July 2023

I feel majestic and royal when I touch these 7th-century monuments

Manjula Srinivas
Panch Rathas, Mahabalipuram, India

Listen to the sound of India

Please use headphones for a binaural listening experience!

The associated spectrogram looks like this.

What naïve listeners can teach us about sound quality

Most people perceive the sound quality of a playback system unconsciously and intuitively. If this sound perception of typical "naïve" listeners is to be determined instrumentally, the instrumental result must correlate well with this sound perception. Listening tests, in which the test persons evaluated a wide choice of music and many different audio devices based on several parameters, are the basis for instrumental procedures. We found that naïve, inexperienced listeners perceive sound quality primarily based on three quality dimensions. The first of these dimensions we call "timbre." By this, we mean how close to the original the listeners evaluate the signal's frequency response (tonality) and temporal precision. The dimension "immersiveness " describes how realistically the sound field "fills" the (virtual) space. The "distortion" dimension describes how "clean," i.e., unaffected by harmful influences of electronic and electroacoustic components, the signal sounds. The weighted ratings of these quality dimensions (MOST for timbre, MOSI for immersiveness, and MOSD for distortion), expressed as Mean Opinion Scores (MOS), together determine the perceived overall sound quality (MOSO) of a playback system.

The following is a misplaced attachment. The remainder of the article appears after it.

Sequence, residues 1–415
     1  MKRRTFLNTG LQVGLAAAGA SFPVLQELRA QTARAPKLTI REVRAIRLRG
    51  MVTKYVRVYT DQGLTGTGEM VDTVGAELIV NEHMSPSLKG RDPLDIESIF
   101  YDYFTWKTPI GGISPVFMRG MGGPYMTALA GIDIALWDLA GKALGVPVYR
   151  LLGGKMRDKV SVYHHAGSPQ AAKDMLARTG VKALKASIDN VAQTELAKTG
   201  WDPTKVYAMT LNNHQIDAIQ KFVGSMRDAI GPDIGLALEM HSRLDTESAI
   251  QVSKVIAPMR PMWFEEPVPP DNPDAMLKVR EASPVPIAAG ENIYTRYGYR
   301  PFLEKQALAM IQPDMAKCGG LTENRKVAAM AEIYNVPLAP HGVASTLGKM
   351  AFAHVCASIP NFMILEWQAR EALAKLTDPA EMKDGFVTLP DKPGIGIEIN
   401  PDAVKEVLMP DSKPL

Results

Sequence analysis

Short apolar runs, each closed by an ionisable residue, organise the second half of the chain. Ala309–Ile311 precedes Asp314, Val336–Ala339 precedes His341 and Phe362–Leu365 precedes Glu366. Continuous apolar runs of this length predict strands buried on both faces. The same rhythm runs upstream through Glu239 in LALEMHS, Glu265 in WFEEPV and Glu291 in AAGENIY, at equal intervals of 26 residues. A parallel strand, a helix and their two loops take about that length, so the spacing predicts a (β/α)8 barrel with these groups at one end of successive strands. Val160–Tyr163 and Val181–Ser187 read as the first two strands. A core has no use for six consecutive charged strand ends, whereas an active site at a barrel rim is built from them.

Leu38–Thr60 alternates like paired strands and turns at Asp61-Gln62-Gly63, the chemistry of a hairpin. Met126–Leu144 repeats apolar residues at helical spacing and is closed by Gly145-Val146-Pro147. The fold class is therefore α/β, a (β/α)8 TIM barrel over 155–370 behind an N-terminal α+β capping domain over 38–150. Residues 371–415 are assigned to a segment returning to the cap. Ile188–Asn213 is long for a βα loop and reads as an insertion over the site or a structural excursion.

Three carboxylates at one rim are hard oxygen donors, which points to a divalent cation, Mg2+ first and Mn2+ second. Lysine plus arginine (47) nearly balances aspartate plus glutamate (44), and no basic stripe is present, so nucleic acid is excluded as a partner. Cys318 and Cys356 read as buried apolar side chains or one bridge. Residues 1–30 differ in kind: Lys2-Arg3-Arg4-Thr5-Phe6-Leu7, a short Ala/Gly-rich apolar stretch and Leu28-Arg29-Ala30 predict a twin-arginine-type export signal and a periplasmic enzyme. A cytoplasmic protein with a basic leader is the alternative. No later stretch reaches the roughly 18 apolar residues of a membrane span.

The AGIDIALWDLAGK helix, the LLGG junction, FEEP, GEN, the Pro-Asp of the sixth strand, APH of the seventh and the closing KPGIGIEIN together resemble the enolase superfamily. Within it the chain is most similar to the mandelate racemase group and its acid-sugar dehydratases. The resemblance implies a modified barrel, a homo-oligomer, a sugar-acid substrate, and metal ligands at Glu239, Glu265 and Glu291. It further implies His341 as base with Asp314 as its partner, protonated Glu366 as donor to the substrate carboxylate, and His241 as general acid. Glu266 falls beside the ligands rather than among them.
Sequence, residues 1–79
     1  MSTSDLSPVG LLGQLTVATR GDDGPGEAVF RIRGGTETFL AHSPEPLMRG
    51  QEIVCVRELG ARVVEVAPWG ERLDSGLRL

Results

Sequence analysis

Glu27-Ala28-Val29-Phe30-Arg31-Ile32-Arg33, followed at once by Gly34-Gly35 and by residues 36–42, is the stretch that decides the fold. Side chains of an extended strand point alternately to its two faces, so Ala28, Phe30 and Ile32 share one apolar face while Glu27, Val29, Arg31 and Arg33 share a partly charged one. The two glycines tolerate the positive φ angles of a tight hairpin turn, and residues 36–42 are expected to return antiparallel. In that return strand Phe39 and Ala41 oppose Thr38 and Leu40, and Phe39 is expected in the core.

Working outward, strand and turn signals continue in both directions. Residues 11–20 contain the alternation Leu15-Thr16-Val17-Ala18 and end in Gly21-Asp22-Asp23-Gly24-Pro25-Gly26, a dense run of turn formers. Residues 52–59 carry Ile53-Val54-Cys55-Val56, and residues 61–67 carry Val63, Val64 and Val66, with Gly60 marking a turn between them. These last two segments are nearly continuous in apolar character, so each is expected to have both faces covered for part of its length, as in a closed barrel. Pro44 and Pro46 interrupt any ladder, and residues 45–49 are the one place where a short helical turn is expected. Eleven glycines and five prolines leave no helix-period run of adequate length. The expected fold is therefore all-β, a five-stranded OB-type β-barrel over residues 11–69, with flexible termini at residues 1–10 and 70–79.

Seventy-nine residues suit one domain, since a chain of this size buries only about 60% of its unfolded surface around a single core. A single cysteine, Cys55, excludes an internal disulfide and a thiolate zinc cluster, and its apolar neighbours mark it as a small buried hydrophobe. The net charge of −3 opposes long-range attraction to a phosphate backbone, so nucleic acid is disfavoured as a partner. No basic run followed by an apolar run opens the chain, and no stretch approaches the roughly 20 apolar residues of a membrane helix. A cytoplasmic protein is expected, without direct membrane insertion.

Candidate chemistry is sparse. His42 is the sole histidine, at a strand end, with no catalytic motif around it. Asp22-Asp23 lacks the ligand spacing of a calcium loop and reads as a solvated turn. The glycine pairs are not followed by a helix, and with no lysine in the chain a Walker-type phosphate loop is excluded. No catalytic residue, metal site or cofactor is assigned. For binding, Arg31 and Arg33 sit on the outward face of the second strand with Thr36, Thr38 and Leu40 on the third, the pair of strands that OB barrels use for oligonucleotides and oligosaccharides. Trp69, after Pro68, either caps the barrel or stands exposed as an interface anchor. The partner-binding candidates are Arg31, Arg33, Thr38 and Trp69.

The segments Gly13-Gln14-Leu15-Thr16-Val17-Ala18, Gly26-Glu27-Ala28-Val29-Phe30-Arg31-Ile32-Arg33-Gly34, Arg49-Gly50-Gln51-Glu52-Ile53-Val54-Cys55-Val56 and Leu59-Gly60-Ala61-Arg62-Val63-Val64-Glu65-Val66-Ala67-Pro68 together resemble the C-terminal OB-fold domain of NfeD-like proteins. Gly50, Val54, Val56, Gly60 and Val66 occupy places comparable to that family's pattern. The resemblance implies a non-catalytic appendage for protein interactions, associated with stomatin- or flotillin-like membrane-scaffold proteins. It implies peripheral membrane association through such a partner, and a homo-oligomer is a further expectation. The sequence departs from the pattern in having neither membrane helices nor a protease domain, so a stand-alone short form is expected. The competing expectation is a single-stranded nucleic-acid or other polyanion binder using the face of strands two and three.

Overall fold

We transferred the results of these listening tests into MDAQS and applied them. The instrumental evaluation method that is now possible with it eliminates the need for hundreds of human test subjects. The evaluation becomes faster, more reliable, and more efficient. The results in numerical values are easy to understand even for non-experts and, above all, always comparable.